Another comparative religion example might be to compare, as Gardner  has done, the Amenemope version of Egyptian wisdom with that of the Book of Proverbs:
One final example is a comparison between the Bible’s book of Exodus describing the Hebrews leaving Egypt (i.e. the sudden loss of slave-power by the Egyptians), and the Egyptian version of the end of the Old Kingdom provided by the scribe Ipuwer. Ipuwer’s work was known as the Papyrus Ipuwer, which was originally a translation of the Leiden Papyrus by A. Gardiner. Immanuel Velikovsky  noted the similarities in the event description, and concluded that the Exodus did in fact occur at the time of the end of the Old Kingdom and not later as is often suggested.
The commonality of religious teachings derives from many sources. One is the common experiences and (literally) world shaking events which have molded our consciousnesses. Whether it is the creation of the world itself, a Great Flood/Deluge, or an event which allows a massive exodus of a subjugated people from a powerful overlord, these are the paradigm shaking moments which must be accounted for in any religion.
A second reason for the commonality of religions is that the ancients did a lot of copying of others works. Bernstein , for example has written: “When Moses led the Israelites out of the land of bondage, he carried with him the mysteries of Egyptian knowledge acquired by Moses himself at the court of the Pharaoh.” The Hebrews also took much of the knowledge of creation from the Babylonians, who had in turn learned their lessons from the Sumerians. The Jewish Kaballah (aka Ha Qabala) is replicated in large part by the Christian Caballah, and the ecumenical Qaballah, and all may very well have originated from the Sumerians’ “Table of Destiny”.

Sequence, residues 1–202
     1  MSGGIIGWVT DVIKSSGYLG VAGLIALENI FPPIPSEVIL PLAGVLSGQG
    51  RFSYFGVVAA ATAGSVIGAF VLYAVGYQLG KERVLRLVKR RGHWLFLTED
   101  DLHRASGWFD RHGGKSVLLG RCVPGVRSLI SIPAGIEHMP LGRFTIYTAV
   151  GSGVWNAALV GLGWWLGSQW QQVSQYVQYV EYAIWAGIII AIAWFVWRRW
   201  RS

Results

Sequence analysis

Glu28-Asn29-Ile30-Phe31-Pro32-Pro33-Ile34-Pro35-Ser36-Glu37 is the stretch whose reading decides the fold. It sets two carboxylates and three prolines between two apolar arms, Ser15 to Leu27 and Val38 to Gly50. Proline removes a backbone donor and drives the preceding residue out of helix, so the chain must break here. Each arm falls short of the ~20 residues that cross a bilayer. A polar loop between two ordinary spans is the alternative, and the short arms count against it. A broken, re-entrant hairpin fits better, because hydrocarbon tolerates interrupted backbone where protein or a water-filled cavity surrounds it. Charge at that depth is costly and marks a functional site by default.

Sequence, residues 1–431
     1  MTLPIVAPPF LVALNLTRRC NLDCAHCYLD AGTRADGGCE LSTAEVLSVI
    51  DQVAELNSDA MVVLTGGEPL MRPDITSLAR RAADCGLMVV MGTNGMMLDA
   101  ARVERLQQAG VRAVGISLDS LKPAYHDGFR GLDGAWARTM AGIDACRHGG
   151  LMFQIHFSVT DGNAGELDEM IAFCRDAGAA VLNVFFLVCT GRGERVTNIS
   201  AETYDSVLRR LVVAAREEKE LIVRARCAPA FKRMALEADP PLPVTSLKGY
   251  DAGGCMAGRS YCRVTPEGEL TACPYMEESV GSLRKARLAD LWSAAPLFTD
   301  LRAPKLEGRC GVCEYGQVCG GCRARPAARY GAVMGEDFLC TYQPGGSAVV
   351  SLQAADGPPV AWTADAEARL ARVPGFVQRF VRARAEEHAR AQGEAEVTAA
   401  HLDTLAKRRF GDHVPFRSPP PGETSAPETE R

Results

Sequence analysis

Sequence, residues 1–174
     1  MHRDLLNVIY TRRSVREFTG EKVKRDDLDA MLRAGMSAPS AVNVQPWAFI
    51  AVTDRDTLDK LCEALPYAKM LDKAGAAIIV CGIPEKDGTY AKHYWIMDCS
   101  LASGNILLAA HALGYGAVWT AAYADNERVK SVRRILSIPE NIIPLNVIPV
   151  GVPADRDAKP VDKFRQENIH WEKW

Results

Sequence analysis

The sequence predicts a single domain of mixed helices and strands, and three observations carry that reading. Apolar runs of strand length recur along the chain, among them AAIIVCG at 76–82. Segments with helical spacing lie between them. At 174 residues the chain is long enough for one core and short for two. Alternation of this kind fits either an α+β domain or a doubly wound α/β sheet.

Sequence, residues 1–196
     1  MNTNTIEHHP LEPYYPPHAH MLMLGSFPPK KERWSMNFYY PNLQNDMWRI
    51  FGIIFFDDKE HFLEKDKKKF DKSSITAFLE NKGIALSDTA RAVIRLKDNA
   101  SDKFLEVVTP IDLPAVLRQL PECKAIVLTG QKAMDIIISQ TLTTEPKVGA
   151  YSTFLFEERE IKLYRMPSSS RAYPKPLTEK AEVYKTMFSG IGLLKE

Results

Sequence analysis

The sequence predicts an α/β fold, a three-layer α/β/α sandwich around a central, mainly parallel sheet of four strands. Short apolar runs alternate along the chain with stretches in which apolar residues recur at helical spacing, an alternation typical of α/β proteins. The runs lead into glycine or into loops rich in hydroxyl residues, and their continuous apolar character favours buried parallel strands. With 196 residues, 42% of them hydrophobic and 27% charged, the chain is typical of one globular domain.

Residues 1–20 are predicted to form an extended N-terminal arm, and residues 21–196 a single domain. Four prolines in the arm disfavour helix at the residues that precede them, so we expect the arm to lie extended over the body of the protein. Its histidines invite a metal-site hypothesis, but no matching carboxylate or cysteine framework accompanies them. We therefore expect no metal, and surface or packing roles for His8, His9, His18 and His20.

As Mark Twain has observed: “The ancients have stolen all our really good, new ideas.”
Differences in Religion are purely in the details and the facades we place around our core beliefs in order to appear unique. On the one hand, religion’s exoteric doctrines (“for the many”) designed for the common man contains all manner of interesting and original notions of what’s important (i.e. “full of sound and fury and signifying nothing”). On the other hand, the esoteric doctrines (“for the few”) are where the real meat is, and is limited to those willing to make the effort to pursue the higher truths of life. And the esoteric portions are also the connecting links of commonality of all viable religions.
At the most fundamental level, all religions are pretty much the same. They are, after all, talking about the same Universal Creator, the same history of Earth (however much we argue about the sequence and dating of events), and the same humanoids, extraterrestrials, and interdimensional beings running amuck on the planet’s surface and surrounding space.
Everything is connected, everything is one. But everything is also disguised in order to make it interesting in finding out how everything is one and connected.
 Laurence Gardner, Genesis of the Grail Kings, Bantam Press, New York, 1999.
 Immanuel Velikovsky, “A Reply to Stiebing”, Pensee, Immanuel Velikovsky Reconsidered VI, Student Academic Freedom Forum, Portland, Oregon, 1974.
 Henrietta Bernstein, Cabalah Primer, Devorss Publications, Marina del Rey, 1984.